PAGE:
Stripping down to the basics

nanaimo sunset

Nanaimo sunset

The weight has lifted

As we settle into our new—albeit temporary—life on Vancouver Island, many encumbrances melt away.

We’re renting our home, so we don’t worry when the air conditioner fails and we don’t even take out the rubbish—our comforts are woven into our housing agreement.

We get very little mail: newspaper subscriptions and most of our magazines have been converted to online channels, except for the beloved New Yorker and Economist which have now arrived in paper form.

My e-mail correspondence has been reduced to a trickle and I have yet to hear from anyone at my new campus after work and on weekends.

Seems my Canadian counterparts are better at separating work-life from home-life than my American colleagues—including me.

Continue reading

Posted in nativescience | 3 Comments

May I have your permission to land?


Eagles and whales greet visitors to Departure Bay

When visitors arrive in Nanaimo in their canoes, they ask permission to land.

We learned this traipsing through Departure Bay, the waterfront of our new and temporary digs on Vancouver Island in British Columbia.

We found a carving that faces the inlet.

Two eagles, and two whales, greet visitors arriving in the Bay: a huge wooden portal created from red cedar by local carvers.

According to the plaque, the Snuneynmuxw First Nation (I am told the pronunciation is Snoo-NAI-muk or Snuh-NAY-mow) and the city worked together to install the display.

The plaque says the eagles represent strength and wisdom, and they protect the land. The whales represent good luck and guide visitors to safe harbor.

We asked permission to land.

We arrived safely in Nanaimo after a brief delay at the border to get my permits sorted so I could work on my research through the end of 2019.

The staff at Vancouver Island University have taken me under wing, providing me a coveted working space, and pointing out the koi pond and favorite walking trails.

Our home host hails from Oman via Shiraz, so I practice my pigeon Persian on him.

In exchange, he brings us homemade hummus and dried mulberries, which my pal Alistair calls Toot-e-khoshk.

Tonight I will make Persian chicken.


20 August 2019







Posted in american indian, First Nations, Indian, Indigenous, nativescience | Leave a comment

Revenant Redux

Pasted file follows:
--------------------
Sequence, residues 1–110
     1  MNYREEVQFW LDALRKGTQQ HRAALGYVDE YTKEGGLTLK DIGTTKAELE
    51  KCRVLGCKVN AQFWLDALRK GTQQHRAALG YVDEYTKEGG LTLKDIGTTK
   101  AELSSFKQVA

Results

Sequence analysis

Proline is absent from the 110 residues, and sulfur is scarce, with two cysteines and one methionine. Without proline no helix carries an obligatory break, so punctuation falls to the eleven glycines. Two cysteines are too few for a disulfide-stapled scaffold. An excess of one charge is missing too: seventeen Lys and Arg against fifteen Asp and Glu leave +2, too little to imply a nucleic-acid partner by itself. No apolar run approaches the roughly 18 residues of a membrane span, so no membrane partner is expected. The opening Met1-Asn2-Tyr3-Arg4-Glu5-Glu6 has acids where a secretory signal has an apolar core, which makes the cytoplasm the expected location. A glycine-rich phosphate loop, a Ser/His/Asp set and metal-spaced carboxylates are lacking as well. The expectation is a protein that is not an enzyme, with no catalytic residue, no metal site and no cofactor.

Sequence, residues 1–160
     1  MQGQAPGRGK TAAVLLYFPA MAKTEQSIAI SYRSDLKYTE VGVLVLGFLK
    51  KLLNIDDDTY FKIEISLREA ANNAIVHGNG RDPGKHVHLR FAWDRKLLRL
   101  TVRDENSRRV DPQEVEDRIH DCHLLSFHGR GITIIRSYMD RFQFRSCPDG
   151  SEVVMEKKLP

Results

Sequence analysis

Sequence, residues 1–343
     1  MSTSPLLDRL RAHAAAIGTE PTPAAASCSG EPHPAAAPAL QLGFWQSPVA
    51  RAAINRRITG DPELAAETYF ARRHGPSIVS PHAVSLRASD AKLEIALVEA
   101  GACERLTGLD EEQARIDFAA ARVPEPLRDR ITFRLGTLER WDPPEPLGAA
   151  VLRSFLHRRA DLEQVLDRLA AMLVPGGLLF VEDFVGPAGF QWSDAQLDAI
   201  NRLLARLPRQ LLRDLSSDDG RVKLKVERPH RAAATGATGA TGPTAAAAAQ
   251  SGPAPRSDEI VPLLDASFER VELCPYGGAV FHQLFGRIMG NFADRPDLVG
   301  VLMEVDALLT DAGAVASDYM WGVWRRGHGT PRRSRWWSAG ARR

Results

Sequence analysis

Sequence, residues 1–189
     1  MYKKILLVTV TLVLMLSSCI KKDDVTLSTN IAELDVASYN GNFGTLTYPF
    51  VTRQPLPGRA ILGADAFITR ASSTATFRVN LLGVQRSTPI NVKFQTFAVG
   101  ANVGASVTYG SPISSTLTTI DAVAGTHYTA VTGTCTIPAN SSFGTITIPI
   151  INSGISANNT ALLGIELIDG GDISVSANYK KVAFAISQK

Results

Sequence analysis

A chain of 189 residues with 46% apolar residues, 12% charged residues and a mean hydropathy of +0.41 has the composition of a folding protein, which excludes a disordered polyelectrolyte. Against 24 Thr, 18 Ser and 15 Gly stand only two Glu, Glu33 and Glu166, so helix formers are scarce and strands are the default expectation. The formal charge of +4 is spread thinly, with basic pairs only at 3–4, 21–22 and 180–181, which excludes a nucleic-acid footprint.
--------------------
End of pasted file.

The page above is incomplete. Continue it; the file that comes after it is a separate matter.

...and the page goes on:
If you saw the film, The Revenant, you know the character is mauled by a bear and left for dead.

And then returns.

The word revenant comes from the French, for return: I will return–je reviens.

In my case, the mouse has returned.

La souris est revenue.

I found evidence this morning.

A tiny bottle of face oil had been unscrewed and left on the fuzzy mat underneath the bathroom sink.

The bottle is so tiny it could pass as a milk container in a small house that belongs to a wee doll. A doll’s doll.

Just a few drops of oil fill the bottle, which is a freebie given to folks like me who buy face products.

This morning I found the open bottle on its side, next to its lid, along with three itty-bitty mouse droppings—the size of miniature black rice—on the fuzzy mat at 5 a.m.

There’s a mouse in the house.

Not only had the mouse gotten into my lotions and oils: she pawed at the toilet paper, leaving a trail of fluff in her wake.

Continue reading

Posted in nativescience | Leave a comment

When News is Like Magic


What you don’t see can hurt you

James Tankard, one of journalism’s key scholars, talks about news reporting as a “magician’s sleight of hand.”

Tankard means that we muggles pay attention to the rabbit and the high-top hat, while oblivious to the gloved hand we cannot see.

Like Tankard, I study how news framing can obscure the core issues of a topic—let’s take the Dakota Access Pipeline (DAPL) protests as an example—by replacing them with hype and rhetoric.

The hype looks like, feels like and reads like click-bait.

And by click-bait I mean the most tantalizing bits of a story that hardly skim the surface.

In the case of DAPL, attention is drawn to the brutes blasting water, rubber bullets, stun grenades and attack dogs on unarmed protestors.

Researchers who study news coverage of the pipeline say attention peaked in November 2016 when powerful fire-hoses soaked water protectors in freezing weather for six hours, injuring 300 and hospitalizing 26.

Reporters focus their lenses on the cruel treatment of folks defending their health and civil rights but fail to look beyond the immediate drama to expose the rotten core.

Despite the protests, the pipeline—which runs through four U.S. states—was completed with little fanfare after the incoming administration took the reins in 2018 and shredded President Barack Obama’s official decree that would halt the construction.

Today the pipeline flows at the rate of 570,000 barrels each day, with a market price of $59.58 per gallon: that’s just short of $40 million per day.

Imagine trying to thwart a venture that rakes in $40 million each day.

Continue reading

Posted in american indian, blacksnake, DAPL, Indian, journalism, nativescience, social media | Tagged , , | Leave a comment

When Censors Take On Indigenous America


The school board in San Francisco voted to paint over the mural

The Case of the San Francisco Mural

Should we censor art when it offends our sensibilities?

The Contemporary Arts Center in Cincinnati made headlines in 1990 when it displayed photographs by Robert Mapplethorpe: images of human nudes and acts of sadomasochism.